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This week we’ve been thinking about pandemic parenting and wanted to bring you an update from the frontlines, because, yeah… the last 10 months have been…hard. They have been confusing, frightening and sad. They have delivered unexpected moments of joy, fun and near normalcy. Equally, they’ve handed down some really, really tough digs. Sometimes, the hardest. Parenting through it all has been an exhausting journey. As we approach the end of this year, we’ve been thinking about where we all stand in this parenting odyssey. What have we learned? What’s the next big hurdle to overcome? How do we find the energy to keep going? Who do we rely on? How have our relationships to our children, our partners, our friends and other parents been transformed? What follows are some of the interesting, sobering, funny and thought-provoking articles we discovered on the topic – admittedly, sometimes loosely on the topic…!

Not to be a Debbie downer, but it’s bleak out there. Can’t lie. Parenting while working, home-schooling, zooming with grandparents and just getting the freaking laundry done (and folded and put away – anyone else leave it in the basket for a week at least?) is taking a serious toll on American families. Especially mothers. A record 850,000 of them dropped out of the workforce in September alone. This overview of where parents stand nearly a year into this awful pandemic is not pretty. There are a few bright spots – namely the incredible opportunity this experience has given us to reimagine and recreate both how we educate children and the support this country provides for the childcare industry – but mostly it’s just been really, really tough. There’s just no sugar coating it.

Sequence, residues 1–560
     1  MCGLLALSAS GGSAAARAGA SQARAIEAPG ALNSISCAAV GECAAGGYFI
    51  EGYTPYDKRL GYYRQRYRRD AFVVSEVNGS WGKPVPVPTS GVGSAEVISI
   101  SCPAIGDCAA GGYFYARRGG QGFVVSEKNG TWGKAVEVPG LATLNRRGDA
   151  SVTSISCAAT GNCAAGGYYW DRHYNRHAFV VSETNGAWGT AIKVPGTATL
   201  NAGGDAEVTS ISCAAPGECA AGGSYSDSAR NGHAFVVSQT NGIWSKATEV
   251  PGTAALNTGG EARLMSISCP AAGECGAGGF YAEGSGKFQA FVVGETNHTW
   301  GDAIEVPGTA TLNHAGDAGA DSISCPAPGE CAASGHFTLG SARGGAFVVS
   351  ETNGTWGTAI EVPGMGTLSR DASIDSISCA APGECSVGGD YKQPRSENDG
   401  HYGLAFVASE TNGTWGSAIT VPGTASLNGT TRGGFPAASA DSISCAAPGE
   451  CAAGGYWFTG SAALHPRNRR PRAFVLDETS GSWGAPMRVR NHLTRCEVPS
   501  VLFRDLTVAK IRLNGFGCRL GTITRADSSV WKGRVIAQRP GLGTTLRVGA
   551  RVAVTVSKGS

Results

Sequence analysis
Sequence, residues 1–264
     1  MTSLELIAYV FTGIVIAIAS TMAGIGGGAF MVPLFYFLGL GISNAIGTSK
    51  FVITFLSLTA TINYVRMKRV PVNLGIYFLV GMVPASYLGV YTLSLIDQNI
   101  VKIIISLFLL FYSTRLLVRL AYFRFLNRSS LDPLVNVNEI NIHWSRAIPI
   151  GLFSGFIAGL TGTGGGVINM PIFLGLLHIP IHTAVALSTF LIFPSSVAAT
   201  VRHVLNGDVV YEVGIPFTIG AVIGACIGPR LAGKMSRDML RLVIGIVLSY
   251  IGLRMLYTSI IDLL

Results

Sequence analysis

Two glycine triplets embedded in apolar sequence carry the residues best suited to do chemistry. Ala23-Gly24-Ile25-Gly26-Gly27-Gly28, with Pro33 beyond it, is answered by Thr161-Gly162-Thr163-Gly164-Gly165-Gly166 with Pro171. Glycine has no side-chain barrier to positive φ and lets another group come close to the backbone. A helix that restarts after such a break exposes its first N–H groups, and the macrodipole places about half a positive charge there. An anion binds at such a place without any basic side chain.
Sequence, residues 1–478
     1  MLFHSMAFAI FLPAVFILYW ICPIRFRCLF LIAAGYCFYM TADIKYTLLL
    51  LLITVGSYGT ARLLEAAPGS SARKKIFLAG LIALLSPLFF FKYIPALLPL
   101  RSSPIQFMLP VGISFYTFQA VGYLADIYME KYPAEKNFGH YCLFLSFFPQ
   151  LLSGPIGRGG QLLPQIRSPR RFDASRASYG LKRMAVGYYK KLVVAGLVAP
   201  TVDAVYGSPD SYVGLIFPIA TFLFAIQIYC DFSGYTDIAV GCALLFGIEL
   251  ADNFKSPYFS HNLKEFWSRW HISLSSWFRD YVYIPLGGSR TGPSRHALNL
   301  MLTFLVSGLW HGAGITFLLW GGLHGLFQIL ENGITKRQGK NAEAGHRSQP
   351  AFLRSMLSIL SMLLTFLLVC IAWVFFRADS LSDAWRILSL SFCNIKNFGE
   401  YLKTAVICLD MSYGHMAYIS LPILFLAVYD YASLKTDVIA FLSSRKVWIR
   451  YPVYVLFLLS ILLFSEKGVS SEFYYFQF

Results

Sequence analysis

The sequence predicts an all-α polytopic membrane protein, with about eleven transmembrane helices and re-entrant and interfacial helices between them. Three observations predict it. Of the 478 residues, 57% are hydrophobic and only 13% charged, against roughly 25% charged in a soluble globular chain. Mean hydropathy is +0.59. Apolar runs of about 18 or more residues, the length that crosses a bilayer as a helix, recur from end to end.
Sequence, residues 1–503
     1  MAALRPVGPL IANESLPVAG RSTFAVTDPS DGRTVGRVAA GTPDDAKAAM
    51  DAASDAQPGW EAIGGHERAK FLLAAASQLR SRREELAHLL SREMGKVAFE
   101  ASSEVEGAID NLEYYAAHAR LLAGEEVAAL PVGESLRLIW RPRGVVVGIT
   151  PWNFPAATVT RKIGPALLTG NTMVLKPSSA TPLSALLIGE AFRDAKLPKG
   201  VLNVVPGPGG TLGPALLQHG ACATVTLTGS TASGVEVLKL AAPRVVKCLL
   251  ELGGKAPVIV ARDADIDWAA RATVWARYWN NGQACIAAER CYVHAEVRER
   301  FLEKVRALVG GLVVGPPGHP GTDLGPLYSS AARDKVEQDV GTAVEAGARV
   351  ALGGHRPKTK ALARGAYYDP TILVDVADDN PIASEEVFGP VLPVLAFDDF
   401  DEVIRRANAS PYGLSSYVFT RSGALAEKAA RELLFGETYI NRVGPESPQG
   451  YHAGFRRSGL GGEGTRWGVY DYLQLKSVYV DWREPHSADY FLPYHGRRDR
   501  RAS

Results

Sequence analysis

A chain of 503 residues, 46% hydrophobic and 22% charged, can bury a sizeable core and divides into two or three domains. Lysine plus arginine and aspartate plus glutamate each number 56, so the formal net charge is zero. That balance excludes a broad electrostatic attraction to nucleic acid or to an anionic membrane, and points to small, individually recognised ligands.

As an antidote to the deluge of bad news, check out this piece from mindbodygreen. It suggests a fresh perspective on ways the coronavirus pandemic has freed parents from some of the competitiveness and isolation that defined so much of raising children before a historic global crisis occurred. The article explores the ways many parents have tried to manage these unprecedented circumstances and how important it’s become for us all to lean on and support one another, even though we have all been forced to remain physically apart. Whether it’s through covid pods or bubbles with other families or just a re-evaluation of priorities, turns out there may be some upsides to having your world turned inside out.

Also turns out that there actually are some effective ways to make this all a little bit easier…OK maybe just a very little bit, but we’ll take what we can get. According to a piece in Fast Company by an executive coach and stress management expert, these three strategies are key:

1. Make a plan. This is a way to “deal directly with the demands we face and focus on what we are actually going to do about it.” This might entail writing in your calendar the days and times you are going to work (vs. take care of the kids) or meal planning for the upcoming week.

2. Avoid bad habits. Those might include drinking too much alcohol, eating too much / eating unhealthy foods, over-using social media, etc. Instead, focus on self-care and social connections. These are “positive and adaptive methods that restore our emotional energy.”